You can’t talk about water without talking about democracy

Monday marked the launch of World Water Week in Stockholm, Sweden. The event, now in its 25th year, is organised by the Stockholm International Water Institute (SIWI) and has been an annual focal point for global water issues since its launch in 1991.

World Water Week brings together some 2,500 experts, including practitioners, decision makers, and business innovators. However, there are very few members of civil society participating from the representative governments that achieved the Human Right to Water resolution in 2010.

SIWI is meant to fight for a more environmentally-sustainable water management system, yet democracy does not figure anywhere in its priorities. This is a very mainstream vision whereby innovation and ecology meet without the active participation of citizens and workers.

For instance, if you try to search for the word “democracy” amongst the hundreds of workshops, events and demonstrations at World Water Week, you will find only one seminar – organised, ironically, by the Swedish Armed Forces! This is like a seminar on rights for chickens being organised by foxes.

But undoubtedly, one of the hottest issues on the topic of water in Europe today is the fight against water privatisation, as exemplified by the struggles in Greece and Ireland.

Greece hasn’t been out of the spotlight in the last few months. The debate over water management and the fight of the organised civil society to stop the plans of the Troika to privatise water have been covered across the media spectrum.

The recent negotiation of a third bailout and the Troika’s subsequent demands for the privatisation of water in Athens and the second city of Thessaloniki has come as a deep shock. The Troika had previously insisted on water privatisation in an earlier memorandum; however this sparked a strong public backlash and was successfully blocked in 2014 thanks to the work of the Greek water unions as well as civil society organisations.

In Thessaloniki, a successful self-organised referendum was held in the summer of 2014, resulting in 98 per cent of the voters rejecting water privatisation. Although this was a non-binding referendum it created a precedent for what followed in the national referendum earlier this year with the Greek public’s clear rejection of austerity measures.

The citizen-led referendum mobilised 218,002 voters and sent a strong signal rejecting the planned sale of the 51 per cent government stake in the Thessaloniki Water Supply & Sewerage Company (EYATH) to private investors. French water multinational Suez and the Israeli state-owned company Merokot wanted to up their share holding in order to take over the city’s water services.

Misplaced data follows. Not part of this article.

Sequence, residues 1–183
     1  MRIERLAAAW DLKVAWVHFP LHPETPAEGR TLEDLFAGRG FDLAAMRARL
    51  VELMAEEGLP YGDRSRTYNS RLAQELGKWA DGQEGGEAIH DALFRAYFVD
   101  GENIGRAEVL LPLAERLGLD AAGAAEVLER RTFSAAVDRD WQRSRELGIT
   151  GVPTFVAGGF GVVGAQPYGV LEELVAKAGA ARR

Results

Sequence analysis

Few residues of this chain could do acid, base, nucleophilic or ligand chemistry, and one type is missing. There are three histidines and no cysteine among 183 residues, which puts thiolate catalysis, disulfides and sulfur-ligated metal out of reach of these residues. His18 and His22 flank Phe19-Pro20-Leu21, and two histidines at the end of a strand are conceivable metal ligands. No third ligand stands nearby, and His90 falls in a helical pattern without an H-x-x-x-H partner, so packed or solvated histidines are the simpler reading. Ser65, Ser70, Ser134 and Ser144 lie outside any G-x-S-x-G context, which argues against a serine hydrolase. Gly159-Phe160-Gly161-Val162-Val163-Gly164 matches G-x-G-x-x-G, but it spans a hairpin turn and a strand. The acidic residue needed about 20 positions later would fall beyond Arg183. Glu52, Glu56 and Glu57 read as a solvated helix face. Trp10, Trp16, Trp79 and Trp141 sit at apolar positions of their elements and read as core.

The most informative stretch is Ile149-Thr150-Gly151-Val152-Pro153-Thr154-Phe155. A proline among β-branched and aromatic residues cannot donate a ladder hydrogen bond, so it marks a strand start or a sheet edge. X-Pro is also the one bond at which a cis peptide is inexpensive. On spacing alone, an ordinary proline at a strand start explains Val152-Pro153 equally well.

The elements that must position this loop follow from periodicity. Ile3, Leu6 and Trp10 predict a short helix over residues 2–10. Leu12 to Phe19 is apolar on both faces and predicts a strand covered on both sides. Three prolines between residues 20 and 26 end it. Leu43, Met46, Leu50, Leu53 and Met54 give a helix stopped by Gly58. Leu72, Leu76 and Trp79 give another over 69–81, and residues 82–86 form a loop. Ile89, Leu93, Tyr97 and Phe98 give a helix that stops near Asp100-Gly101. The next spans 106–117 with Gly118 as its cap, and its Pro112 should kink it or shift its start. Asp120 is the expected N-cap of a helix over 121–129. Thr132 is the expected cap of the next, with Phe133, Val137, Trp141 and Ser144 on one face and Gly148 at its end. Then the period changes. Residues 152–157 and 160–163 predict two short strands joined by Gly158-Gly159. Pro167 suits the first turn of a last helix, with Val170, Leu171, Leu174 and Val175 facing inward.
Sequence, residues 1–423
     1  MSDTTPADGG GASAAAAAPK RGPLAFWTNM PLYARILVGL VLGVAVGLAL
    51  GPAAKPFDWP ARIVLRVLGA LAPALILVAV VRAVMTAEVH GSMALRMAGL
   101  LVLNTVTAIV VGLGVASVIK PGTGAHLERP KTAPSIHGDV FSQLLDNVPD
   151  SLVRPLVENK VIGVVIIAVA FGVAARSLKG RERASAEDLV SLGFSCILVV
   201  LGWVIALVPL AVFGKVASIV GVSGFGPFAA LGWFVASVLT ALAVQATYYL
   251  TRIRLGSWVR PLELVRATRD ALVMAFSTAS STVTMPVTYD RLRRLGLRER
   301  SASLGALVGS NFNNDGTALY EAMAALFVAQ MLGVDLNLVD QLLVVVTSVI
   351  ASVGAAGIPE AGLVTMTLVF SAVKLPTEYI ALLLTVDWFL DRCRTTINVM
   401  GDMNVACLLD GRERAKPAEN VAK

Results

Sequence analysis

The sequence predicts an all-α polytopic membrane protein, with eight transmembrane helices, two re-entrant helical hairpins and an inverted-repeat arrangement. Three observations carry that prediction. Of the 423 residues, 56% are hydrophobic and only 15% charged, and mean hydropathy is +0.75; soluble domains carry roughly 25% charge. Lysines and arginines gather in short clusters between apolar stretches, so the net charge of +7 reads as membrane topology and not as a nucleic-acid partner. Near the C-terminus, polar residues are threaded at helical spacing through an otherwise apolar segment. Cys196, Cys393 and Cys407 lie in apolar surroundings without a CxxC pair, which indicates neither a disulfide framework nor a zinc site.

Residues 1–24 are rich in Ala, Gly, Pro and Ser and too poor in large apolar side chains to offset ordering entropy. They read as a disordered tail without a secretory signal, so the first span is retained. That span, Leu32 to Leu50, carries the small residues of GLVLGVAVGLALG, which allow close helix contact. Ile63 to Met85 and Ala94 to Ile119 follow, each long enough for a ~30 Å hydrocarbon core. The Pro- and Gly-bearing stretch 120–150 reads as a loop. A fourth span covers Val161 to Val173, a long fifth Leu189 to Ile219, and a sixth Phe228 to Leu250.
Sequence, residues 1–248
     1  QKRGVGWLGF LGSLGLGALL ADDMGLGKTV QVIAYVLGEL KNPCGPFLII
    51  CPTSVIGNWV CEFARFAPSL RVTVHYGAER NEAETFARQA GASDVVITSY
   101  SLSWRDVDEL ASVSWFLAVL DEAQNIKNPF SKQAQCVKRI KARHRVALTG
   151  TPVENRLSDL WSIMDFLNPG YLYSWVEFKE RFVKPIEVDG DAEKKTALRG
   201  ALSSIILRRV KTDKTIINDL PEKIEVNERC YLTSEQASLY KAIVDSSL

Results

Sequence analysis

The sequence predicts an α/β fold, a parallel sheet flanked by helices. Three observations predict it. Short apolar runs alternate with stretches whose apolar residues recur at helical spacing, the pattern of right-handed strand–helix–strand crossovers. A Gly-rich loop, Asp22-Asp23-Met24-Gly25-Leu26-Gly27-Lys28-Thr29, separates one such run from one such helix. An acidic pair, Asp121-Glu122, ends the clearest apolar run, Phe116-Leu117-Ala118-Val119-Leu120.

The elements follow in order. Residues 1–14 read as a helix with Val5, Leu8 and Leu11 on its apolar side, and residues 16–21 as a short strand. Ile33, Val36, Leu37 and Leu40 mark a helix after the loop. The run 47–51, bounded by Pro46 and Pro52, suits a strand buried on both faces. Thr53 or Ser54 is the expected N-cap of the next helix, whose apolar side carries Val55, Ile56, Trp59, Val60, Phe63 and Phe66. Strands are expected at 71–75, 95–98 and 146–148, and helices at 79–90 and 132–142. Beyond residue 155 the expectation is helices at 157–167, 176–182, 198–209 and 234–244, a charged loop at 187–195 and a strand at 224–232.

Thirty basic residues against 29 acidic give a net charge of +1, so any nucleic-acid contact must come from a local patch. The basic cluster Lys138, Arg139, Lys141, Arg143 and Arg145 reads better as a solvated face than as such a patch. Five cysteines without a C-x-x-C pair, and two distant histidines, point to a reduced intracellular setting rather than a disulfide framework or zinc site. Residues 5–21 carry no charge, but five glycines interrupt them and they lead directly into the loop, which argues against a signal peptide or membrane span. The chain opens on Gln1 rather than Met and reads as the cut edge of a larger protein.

A recent leaked memorandum reveals orders for a further sale of 23 per cent of EYATH’s shares in the short-term. As 26 per cent of EYATH’s share are already in private hands, this would mean 49 per cent of the company would be privately-owned.

It would indeed be a mistake to think that 51 per cent public ownership means the water utilities are not privatised. There are numerous examples of so-called public-private partnerships where private water multinationals own just under 50 per cent of the shares, but have de facto control of the utility.

Defenders of the privatisation like MEP Guy Verhofdstat (who is a board member of Sofina, a company helping to bid for EYATH – or, to be precise, a Belgian-based speculative investment company) appear to be demanding the sale of shares at the highest possible level without being in direct conflict with the court ruling that had stopped the privatisation. It is this type of cynicism that is evident amongst the participants of the Stockholm Water Week.

The latest call for early elections fortunately puts the privatisation on hold. Unless the new government withdraws this sinister proposals it will find staunch opposition.

The other case that has been appearing in the mainstream media is the fight against Irish Water. This quango was created with the sole purpose of installing water meters in the homes of all Irish citizens despite the fact they are already paying for water through their taxes.

This was the straw that broke the camel’s back for hundreds of thousands of Irish citizens that have suffered years of austerity measures imposed by the Troika. Again, World Water Week fails to even mention the mobilisation of more than 200,000 people onto the streets of Dublin. This has been the catalyst for the creation of hundreds of local committees founded to discuss issues relating to water and water management. Ignoring such a movement is typical of those that put innovation before democracy.

In Ireland - like in Italy before it - people are putting into practice a slogan developed by the Italian water movement: “you say ’water’ but you write ’democracy’”. In Stockholm, they obviously have not been reading the news lately